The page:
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I'm an NYC-based director, and this is an outlet for my various musings about theater and about the city of New York. Sometimes the subjects run together, sometimes they are entirely separate, but between the two they comprise the most fitful, most intense, most trying love affair of my few years. They fill my head, my heart, my mouth every hour of every day; they could fill a book.

Friday, January 21, 2011


Continuing this week's apparent theme of exciting storytelling revelations/revolutions:

So, this may be old news to everyone but me, but I was recently briefed on the ending of a video game called "Call of Duty," which I guess is a big deal as far as video games go? This particular version was called "Modern Warfare," as I'm sure that will mean something to someone (although it isn't me).

This is what happens when you beat the game, as it was explained to me:

"It was weird. You, like, see yourself get shot and and then you watch the rest of your unit die. Then, when it goes back into the game, the controller gets really shaky - you know, like, really difficult to operate - and you have to kill all the rest of the bad guys before you die. And that's the end."

Now, the last time I beat a video game was my freshman year of college which was - oh god - almost ten years ago now. It was something called "Metroid Fusion," and I got really into it while "assistant stage managing" a play that semester. Or, as it was better known to me, "bringing my roommate's Gameboy and sitting quietly in the back of the house during rehearsals so that I can earn my 'tech' credit and pass my theater classes." Before that, the last video game I got really excited about was Super Mario Brothers.

Needless to say, I'm not really up-to-date on the gaming world. These days, my understanding of it is almost exclusively restricted to the few times I've happened to see my friend's husband play when I've visited her house. I have been told that games have become exponentially more sophisticated, and, indeed, my friend's husband's games look very, very complicated.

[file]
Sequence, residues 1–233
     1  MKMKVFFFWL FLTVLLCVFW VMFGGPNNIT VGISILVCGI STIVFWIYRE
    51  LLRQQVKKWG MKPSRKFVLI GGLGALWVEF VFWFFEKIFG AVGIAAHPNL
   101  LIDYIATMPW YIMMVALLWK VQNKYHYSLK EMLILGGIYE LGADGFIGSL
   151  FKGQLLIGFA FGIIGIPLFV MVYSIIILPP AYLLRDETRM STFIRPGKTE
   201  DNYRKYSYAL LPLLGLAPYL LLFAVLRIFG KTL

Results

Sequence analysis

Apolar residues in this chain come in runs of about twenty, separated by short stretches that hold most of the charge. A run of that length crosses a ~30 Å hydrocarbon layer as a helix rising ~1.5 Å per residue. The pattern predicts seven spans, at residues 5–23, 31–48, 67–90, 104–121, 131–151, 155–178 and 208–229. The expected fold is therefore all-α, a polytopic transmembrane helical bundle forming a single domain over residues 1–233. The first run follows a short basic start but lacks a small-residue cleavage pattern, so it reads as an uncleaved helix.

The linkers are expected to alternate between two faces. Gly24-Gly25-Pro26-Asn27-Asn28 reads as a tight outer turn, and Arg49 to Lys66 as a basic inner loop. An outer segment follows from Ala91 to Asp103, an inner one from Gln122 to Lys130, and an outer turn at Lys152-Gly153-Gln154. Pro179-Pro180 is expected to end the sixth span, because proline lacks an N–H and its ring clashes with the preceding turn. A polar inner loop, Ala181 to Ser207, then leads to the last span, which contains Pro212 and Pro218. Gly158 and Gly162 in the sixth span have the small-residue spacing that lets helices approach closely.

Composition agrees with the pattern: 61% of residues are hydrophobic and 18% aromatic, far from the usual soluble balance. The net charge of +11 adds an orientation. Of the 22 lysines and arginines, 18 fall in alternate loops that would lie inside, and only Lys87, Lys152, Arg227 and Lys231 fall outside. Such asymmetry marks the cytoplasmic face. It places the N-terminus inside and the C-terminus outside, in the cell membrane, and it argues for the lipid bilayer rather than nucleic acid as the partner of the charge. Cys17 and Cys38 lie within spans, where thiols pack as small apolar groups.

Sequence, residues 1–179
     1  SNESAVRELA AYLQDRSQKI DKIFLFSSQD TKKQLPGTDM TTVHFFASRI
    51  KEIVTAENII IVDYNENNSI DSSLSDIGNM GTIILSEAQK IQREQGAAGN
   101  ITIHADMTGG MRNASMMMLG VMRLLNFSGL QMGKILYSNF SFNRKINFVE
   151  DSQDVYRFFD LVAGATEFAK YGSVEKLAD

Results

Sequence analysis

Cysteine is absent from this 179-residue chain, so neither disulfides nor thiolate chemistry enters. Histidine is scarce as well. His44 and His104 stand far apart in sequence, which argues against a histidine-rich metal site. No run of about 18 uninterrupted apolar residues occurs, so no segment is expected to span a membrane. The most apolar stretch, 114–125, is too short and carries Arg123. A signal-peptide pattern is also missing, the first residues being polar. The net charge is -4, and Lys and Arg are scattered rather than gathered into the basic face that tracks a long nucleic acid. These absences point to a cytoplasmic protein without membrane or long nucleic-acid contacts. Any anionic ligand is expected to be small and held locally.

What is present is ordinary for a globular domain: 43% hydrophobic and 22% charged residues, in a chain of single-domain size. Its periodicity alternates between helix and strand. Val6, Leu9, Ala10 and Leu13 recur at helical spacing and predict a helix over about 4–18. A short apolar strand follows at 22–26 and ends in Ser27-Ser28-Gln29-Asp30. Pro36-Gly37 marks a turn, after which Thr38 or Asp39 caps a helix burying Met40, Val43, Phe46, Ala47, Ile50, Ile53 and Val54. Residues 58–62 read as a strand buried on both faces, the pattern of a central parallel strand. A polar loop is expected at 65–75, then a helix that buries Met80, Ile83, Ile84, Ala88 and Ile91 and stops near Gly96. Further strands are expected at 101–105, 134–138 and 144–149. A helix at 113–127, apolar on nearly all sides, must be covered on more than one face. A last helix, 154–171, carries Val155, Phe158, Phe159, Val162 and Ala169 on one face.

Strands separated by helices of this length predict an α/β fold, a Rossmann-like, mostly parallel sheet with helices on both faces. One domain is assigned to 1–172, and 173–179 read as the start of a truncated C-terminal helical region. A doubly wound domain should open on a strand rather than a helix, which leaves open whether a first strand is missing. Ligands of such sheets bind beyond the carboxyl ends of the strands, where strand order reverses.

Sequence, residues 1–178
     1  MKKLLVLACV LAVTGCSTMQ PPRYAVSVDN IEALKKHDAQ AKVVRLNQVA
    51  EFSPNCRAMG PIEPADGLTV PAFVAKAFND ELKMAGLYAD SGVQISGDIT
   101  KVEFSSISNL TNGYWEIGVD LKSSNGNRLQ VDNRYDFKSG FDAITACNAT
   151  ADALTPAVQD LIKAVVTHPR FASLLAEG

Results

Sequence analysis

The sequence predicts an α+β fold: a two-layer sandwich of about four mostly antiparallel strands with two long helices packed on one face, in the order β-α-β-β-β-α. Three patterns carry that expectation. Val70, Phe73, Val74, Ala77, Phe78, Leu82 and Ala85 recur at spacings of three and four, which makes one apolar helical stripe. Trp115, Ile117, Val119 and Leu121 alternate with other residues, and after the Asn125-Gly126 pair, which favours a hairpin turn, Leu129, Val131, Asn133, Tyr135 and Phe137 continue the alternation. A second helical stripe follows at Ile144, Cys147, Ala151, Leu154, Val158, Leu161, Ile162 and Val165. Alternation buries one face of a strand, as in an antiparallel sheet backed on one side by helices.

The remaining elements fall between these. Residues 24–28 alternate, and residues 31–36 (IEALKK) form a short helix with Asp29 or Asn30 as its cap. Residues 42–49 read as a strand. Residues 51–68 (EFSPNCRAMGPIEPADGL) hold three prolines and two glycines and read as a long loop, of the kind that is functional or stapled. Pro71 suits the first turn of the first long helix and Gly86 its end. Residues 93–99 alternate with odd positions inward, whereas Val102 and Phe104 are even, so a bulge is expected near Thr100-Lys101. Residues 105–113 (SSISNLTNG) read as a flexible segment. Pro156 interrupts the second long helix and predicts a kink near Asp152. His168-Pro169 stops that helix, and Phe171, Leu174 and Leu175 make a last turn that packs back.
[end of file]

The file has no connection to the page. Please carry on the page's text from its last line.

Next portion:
But while the game I played in college was worlds beyond the Super Mario Brothers of my childhood, the last time I had any personal interaction with a video game, the basic story structure appeared to have remained the same: a sort of choose-your-own-adventure-style plot, in which you died (or lost) until you survived and won.

There's something about the notion that you can win the game but your avatar, presumably the hero, can still lose in a big way that I find incredibly intriguing. The idea of a video game that ends in tragedy seems rather revolutionary.

Maybe this idea has been in circulation for a while, I don't know. But whenever it developed, it was revolutionary.

Because while I know that video game narratives have evolved considerably over the years, this scenario creates space for possibilities that I have never considered before. As complex and imaginative as these stories have become, it seems to me that the narrative has always been in service of the game.

Now, it occurs to me that the game can be in service of the narrative.

I'm not saying that this version of Call of Duty: Modern Warfare is a video game Hamlet, but I guess I'm saying maybe something could be? I find the possibility exciting. And with interactive devices like the Wii and the Kinnect, the audience (and yes, I am using the term audience rather than player) is able to engage with a story in a new and unique way. The possibilities of the technology are suddenly clear to me: this isn't just something that uses certain storytelling constructs in order to make a game accessible - or at least, it doesn't have to be. This could be an entirely new, interactive, storytelling medium.

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